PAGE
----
I live in the nuanced specific.
Last spring, I went to the Tater Day festival in Marshall County, Ky. When I was in Alamance County, N.C., I learned about who erected a Confederate monument, and about the 1870s lynching victim who didn’t get a monument. And during a trip to Franklin County, Iowa, I got to know the morning-coffee-table political divide (conservatives favor Hardee’s, liberals end up at Rustic Brew).
Plunging into census data and election records helps me understand politics and demographics on a big scale. I read a community’s newspaper, and I peruse the local Facebook groups and online neighborhood boards for what’s really firing people up. When interviewing people, I ask what they do after work and school and on the weekends, how their town has changed, what businesses have opened and closed, who’s moving in and who’s leaving.
And whatever else, I no longer say queso.
‘Our coverage cannot be chin-stroking and scholarly’
Ellen Barry, an international correspondent based in London. She was formerly The Times’s bureau chief in New Delhi and Moscow.
In the 1990s, when I lived in Moscow and first reported from overseas for an American newspaper, it was rare to get feedback from the people you were writing about.
After an interview, you would promise to send the person you had interviewed a copy of your piece when it was published, happily close your notebook and set off to write. You were free as a bird: By the time the article appeared, and was sent to Moscow through a mail service, and then made its final journey to the person, it was weeks old, hardly worth a phone call, let alone a letter to the editor. In most cases, it wouldn’t make it that far.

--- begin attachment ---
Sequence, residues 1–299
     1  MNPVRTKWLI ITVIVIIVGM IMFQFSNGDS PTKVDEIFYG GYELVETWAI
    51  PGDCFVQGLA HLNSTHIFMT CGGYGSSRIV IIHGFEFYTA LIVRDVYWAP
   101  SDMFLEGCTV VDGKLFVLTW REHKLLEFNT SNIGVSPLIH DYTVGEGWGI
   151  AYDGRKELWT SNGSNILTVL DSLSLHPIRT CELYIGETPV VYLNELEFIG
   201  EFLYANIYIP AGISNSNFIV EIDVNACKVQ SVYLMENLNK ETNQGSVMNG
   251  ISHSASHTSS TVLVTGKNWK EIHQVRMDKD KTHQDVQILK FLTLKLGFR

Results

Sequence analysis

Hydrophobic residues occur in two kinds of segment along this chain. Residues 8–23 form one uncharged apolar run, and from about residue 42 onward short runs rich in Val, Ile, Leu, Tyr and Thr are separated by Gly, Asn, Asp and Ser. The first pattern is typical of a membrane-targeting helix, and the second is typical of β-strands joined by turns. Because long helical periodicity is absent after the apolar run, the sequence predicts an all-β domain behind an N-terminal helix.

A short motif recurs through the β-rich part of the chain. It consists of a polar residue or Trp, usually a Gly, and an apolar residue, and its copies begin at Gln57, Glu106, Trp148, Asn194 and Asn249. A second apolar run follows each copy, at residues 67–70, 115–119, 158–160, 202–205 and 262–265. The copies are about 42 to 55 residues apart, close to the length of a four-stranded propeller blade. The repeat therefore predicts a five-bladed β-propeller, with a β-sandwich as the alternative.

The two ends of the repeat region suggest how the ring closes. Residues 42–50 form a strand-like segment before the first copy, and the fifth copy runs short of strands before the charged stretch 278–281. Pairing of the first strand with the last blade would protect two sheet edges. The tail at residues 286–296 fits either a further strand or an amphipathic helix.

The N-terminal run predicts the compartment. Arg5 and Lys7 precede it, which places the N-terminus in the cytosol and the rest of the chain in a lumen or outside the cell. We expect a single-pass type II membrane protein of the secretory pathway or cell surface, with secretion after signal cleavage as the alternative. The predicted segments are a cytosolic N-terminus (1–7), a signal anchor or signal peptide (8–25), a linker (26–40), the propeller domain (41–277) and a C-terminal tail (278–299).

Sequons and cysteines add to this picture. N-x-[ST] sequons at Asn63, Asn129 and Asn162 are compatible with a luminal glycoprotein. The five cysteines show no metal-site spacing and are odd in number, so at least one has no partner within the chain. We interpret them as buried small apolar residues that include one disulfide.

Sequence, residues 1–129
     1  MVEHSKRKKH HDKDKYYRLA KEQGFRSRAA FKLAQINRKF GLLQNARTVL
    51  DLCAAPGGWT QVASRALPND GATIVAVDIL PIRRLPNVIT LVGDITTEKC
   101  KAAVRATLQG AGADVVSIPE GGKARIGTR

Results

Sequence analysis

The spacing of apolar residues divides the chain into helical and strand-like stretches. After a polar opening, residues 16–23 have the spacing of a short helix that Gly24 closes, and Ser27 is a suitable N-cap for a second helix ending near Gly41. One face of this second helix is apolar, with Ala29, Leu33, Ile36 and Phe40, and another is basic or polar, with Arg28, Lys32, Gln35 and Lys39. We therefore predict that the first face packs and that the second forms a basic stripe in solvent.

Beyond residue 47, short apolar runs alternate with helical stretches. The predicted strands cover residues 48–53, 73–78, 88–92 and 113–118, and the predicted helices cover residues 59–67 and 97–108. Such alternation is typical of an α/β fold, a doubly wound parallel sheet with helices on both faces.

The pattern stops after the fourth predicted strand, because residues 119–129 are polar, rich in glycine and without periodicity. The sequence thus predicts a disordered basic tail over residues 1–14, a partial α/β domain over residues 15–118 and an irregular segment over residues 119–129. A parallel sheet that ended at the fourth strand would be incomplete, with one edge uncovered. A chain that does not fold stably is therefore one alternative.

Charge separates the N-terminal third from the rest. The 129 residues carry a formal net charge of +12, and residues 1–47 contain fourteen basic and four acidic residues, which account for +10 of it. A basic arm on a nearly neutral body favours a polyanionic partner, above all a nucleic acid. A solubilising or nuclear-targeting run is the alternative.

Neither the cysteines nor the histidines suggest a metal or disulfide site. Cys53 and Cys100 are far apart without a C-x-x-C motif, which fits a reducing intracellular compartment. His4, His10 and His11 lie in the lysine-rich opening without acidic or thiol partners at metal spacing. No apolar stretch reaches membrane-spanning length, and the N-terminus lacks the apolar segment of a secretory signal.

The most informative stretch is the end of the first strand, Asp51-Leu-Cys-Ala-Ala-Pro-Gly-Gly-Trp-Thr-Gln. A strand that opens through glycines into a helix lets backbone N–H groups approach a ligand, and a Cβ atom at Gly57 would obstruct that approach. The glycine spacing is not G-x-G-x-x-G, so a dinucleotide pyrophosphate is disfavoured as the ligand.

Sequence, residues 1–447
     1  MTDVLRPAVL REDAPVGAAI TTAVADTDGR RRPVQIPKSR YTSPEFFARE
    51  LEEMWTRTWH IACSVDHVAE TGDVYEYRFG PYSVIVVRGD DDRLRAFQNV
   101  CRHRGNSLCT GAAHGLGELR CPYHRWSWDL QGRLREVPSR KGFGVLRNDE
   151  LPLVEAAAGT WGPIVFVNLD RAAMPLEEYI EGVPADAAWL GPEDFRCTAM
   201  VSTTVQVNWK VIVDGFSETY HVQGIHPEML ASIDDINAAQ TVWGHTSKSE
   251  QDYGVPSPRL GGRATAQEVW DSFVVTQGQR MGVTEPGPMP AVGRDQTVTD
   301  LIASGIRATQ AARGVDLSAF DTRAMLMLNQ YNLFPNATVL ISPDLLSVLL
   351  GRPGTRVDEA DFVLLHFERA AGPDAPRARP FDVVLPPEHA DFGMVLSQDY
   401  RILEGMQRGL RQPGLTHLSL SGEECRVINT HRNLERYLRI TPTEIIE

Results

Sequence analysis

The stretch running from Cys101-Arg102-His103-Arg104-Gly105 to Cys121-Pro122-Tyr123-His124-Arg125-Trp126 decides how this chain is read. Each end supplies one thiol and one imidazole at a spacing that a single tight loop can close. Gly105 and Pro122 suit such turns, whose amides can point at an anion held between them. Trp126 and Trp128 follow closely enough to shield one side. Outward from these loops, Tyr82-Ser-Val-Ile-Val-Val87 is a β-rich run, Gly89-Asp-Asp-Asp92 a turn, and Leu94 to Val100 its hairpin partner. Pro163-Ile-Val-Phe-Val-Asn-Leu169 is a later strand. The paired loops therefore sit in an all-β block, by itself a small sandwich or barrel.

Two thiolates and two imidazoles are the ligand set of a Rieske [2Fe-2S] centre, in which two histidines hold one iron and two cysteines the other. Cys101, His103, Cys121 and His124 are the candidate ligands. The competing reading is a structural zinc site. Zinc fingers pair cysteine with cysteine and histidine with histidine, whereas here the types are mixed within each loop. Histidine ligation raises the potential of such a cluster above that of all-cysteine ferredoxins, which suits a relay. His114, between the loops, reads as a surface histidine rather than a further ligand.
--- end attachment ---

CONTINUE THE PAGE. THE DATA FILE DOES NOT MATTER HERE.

Those days are over. In the age of social media, sloppy language can blow up quickly and spectacularly, like a pan of milk left to boil over on the stove. I work in London now for The Times, and for a while last month this country’s chattering classes were convulsed with amusement over a piece for our Travel section by a writer sent from New York, declaring that London’s restaurant scene had moved “Beyond Porridge and Boiled Mutton.”
I didn’t write the “porridge and boiled mutton” piece — actually, I love porridge — but I have had my share of social media pile-ons. For four years I covered India, a country that relishes minor scandals and is alert, after 190 years of colonial rule, to vapid generalizations made by foreign correspondents. I won’t go into the various sprees of criticism I set off — some deserved, some undeserved, some in which I was called a “pogosnake.” Anyway, I’ve been there.
I have two things to say about this: In the past, it was easier to get away with errors. Twenty years ago, foreign correspondents’ main audience was our own editors, our competitors and readers who likely never set foot in the country we were covering.